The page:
Minimalism

The Happy Minimalist

Yesterday I read a book by Peter Lawrence titled “The Happy Minimalist.”

Sixty minimal pages of distilled knowledge. I questioned the price of the download but curiosity won out. 
It was worth every single penny.

Peter lives a drastically Spartan life, with a lawn chair for seating, a sleeping bag for a bed, minimal tools and cookware but a full life living as he pleases. His electric usage? A measly 2 kWh per day.

After devouring his missive I hit my closets and thinned down a bag full of items I have not worn in ages.  These will be passed on to my sister.

I mastered cooking rice on the stovetop using the absorption method, so my rice cooker is going to her as well. Also included in that will be a heavy stainless steel skillet that I do not use in favor of the two cast-iron skillets I use for everything.

Last night I even flipped the switch to turn off my dsl modem before going to bed. Flipped the power strip for the cordless phone as well. Seriously, my phone is a MagicJack, turned off at night when the computer is shut down, so why keep the phone powered on? If it were not for mobility I would eschew the cordless phone in favor of a lower-energy corded one but we all must make decisions on what we will actually use.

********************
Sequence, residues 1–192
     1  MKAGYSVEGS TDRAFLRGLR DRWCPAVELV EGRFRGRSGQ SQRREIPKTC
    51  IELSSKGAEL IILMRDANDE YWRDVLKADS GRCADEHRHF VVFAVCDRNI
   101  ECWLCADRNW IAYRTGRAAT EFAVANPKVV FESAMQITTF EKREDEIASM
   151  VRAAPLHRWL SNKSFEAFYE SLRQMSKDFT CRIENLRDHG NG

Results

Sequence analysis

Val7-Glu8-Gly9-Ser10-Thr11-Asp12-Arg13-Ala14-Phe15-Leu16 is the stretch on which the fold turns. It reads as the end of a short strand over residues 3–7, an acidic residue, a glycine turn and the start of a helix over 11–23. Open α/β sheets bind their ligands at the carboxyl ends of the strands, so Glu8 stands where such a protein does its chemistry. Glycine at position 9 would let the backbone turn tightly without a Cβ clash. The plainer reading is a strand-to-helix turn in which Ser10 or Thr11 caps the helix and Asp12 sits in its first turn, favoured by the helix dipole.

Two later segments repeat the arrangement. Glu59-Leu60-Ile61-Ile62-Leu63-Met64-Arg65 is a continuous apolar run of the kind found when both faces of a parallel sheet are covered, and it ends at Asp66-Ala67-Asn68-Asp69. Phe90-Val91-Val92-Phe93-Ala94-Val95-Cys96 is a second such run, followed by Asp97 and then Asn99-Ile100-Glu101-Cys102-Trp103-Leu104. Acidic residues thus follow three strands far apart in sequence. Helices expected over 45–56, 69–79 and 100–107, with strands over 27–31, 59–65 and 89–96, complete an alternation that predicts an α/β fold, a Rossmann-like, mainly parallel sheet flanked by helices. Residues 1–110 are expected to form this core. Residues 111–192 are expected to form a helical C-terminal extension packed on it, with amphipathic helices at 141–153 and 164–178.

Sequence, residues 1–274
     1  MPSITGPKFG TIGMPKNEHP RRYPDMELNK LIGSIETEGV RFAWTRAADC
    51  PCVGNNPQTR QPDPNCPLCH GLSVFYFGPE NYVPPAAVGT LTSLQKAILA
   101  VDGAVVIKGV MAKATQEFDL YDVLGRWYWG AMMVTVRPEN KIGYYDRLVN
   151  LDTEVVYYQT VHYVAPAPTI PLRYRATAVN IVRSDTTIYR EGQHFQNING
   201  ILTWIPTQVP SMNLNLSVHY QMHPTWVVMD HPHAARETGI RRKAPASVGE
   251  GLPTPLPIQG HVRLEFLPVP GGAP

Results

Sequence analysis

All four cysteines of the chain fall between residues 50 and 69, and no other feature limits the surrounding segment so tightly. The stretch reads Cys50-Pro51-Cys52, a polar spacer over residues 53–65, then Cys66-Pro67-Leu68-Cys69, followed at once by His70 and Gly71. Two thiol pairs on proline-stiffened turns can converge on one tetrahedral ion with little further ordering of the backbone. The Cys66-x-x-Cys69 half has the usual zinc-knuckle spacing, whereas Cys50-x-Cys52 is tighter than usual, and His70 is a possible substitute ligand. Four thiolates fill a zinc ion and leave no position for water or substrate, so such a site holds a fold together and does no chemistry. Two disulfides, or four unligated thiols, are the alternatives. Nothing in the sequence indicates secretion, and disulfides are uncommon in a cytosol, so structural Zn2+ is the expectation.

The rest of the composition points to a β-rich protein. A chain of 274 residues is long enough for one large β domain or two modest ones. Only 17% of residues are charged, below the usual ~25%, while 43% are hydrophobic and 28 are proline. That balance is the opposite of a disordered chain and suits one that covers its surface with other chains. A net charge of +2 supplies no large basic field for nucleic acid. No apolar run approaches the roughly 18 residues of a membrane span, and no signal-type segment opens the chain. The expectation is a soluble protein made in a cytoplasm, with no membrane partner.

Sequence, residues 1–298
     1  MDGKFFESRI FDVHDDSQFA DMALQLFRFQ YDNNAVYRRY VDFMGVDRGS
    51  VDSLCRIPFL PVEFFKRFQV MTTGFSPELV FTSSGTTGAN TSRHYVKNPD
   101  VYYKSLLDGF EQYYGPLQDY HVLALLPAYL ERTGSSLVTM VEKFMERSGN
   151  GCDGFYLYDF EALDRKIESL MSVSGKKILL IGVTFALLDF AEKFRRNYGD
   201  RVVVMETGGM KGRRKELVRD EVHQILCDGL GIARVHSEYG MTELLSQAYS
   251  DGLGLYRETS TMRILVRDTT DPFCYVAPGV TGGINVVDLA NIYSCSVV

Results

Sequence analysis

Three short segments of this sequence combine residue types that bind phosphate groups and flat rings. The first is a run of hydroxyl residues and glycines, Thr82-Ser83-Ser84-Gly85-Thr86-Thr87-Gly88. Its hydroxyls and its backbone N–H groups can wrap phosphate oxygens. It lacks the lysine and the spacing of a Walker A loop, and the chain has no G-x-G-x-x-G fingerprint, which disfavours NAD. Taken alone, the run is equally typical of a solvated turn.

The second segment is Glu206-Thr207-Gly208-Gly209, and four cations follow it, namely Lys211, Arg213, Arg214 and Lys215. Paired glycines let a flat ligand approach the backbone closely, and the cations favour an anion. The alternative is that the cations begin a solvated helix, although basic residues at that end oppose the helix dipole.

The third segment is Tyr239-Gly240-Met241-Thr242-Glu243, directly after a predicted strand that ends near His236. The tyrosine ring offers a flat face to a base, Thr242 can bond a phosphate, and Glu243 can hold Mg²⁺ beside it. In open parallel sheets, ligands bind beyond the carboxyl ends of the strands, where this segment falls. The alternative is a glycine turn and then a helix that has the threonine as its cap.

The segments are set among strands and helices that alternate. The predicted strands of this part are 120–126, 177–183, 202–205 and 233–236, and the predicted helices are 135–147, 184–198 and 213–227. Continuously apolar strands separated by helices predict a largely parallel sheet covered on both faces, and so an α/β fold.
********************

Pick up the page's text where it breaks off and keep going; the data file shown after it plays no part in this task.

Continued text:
Last winter I used a sleeping bag instead of my full sized futon because of the extra warmth that comes from being snuggled into one.  I pondered his choice to use one full time when it occurred to me that sleeping bags are the Western World’s version of the Japanese futon.

Instead of unfolding that heavy futon I snuggled down in my sleeping bag last night. The puppies were confused but still faithfully curled up next to me. To my surprise I didn’t toss and turn the way I normally do at night. Perhaps a sleeping bag is a valid option for full-time sleeping.  If this is the case the full size futon can either be put away for when guests arrive or discarded entirely.

I want to read his book again in a few days, but his missive really struck a chord with me. While I do not know if I would want to go as extreme as Peter he has definitely given this aspiring minimalist some things to consider.

If you buy one book this year, make that book “The Happy Minimalist.” It will definitely give you food for thought.